• Julia T. Wood & Natalie Fixmer-Oraiz (2018). !!!Book Not Found. 13th, Mason, OH, United States: Cengage Learning
After enrolment, students can check the Books and Tools area in iLearn for the full Resource List.
[email protected] & Email:[email protected] is the online learning environment at Bond University and is used to provide access to subject materials, lecture recordings and detailed subject information regarding the subject curriculum, assessment and timing. Both iLearn and the Student Email facility are used to provide important subject notifications. Additionally, official correspondence from the University will be forwarded to students’ Bond email account and must be monitored by the student.

To access these services, log on to the Student Portal from the Bond University website as

Enrolment requirements

Requisites: ?


Restrictions: ?


Assurance of learning

Assurance of Learning means that universities take responsibility for creating, monitoring and updating curriculum, teaching and assessment so that students graduate with the knowledge, skills and attributes they need for employability and/or further study.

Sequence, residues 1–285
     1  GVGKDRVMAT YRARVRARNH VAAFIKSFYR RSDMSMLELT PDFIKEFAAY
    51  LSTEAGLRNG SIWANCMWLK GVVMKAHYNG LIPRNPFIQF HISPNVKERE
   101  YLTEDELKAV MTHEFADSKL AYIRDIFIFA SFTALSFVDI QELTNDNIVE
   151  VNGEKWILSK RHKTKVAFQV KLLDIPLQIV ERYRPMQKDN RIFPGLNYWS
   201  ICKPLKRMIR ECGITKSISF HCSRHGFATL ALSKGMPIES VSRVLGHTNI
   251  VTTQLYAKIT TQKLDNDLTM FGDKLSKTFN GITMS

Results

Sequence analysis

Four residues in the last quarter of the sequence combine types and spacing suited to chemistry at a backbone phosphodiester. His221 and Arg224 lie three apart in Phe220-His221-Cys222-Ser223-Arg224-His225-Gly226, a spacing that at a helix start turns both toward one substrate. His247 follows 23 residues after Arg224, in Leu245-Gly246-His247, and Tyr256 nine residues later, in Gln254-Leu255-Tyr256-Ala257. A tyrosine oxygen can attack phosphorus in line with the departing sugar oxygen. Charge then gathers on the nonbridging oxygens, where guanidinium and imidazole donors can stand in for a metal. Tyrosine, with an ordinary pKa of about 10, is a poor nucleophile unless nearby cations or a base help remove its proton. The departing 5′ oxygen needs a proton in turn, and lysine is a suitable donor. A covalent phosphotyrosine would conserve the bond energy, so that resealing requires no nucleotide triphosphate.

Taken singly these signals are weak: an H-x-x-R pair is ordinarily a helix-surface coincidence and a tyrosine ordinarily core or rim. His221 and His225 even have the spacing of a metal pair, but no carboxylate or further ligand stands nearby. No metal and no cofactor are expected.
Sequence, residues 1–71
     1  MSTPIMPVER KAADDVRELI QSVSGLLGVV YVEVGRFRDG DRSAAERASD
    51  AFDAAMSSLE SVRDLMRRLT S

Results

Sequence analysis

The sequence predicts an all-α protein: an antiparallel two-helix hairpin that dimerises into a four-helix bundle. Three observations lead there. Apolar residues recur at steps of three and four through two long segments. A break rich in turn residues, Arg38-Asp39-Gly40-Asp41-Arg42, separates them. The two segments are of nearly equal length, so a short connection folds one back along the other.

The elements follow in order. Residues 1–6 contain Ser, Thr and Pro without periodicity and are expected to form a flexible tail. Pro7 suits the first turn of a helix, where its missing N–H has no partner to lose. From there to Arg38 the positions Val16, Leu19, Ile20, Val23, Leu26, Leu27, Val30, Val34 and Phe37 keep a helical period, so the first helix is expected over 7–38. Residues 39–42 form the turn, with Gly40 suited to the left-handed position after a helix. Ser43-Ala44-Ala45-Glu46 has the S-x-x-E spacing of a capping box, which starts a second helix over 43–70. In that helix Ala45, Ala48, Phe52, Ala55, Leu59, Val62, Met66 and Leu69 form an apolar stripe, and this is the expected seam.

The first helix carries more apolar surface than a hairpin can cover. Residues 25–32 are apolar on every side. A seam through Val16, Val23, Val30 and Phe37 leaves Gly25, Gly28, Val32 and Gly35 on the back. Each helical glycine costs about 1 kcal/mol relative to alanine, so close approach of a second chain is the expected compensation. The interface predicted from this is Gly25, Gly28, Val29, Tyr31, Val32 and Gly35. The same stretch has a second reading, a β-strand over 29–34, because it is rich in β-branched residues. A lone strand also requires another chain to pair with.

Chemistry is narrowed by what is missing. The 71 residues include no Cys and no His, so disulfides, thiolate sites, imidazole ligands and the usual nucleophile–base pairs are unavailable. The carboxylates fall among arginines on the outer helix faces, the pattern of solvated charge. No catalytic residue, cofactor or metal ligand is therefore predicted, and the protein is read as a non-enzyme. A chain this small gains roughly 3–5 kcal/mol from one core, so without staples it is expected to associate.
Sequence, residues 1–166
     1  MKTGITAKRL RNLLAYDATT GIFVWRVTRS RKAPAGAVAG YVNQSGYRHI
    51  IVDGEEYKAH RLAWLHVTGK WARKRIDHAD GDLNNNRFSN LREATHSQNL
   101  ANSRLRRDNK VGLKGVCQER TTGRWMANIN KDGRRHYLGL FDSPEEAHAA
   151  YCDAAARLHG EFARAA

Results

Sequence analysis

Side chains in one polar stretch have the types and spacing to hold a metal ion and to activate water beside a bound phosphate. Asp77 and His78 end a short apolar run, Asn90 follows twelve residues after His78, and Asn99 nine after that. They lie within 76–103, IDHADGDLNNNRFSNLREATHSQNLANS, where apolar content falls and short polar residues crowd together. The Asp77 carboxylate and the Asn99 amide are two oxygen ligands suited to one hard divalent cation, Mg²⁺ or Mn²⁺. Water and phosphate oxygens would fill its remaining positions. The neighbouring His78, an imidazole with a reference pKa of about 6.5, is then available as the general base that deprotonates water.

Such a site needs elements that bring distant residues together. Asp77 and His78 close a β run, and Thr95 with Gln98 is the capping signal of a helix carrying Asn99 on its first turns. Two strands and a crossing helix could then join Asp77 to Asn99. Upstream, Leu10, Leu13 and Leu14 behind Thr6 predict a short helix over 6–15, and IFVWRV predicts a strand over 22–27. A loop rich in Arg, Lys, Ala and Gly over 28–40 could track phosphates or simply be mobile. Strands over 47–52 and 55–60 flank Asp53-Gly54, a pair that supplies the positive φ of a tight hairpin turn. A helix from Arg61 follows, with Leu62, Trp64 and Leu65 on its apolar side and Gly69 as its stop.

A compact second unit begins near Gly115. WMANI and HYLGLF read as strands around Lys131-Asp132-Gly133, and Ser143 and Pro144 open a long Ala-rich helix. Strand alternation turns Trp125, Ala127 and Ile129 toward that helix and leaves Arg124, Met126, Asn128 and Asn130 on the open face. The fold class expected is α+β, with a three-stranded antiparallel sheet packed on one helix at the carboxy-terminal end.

At Bond University, we carefully develop subject and program outcomes to ensure that student learning in each subject contributes to the whole student experience. Students are encouraged to carefully read and consider subject and program outcomes as combined elements.

Program Learning Outcomes (PLOs)

Program Learning Outcomes provide a broad and measurable set of standards that incorporate a range of knowledge and skills that will be achieved on completion of the program. If you are undertaking this subject as part of a degree program, you should refer to the relevant degree program outcomes and graduate attributes as they relate to this subject.

Find your program

Subject Learning Outcomes (SLOs)

On successful completion of this subject the learner will be able to:
  1. Acquire a sound knowledge of social and cultural issues specifically relating to gender and has the ability to critically evaluate, manage, reflect on, integrate and apply knowledge.
  2. Contribute to his/her chosen discipline or profession as an effective leader and as a member of collaborative, cooperative and successful teams.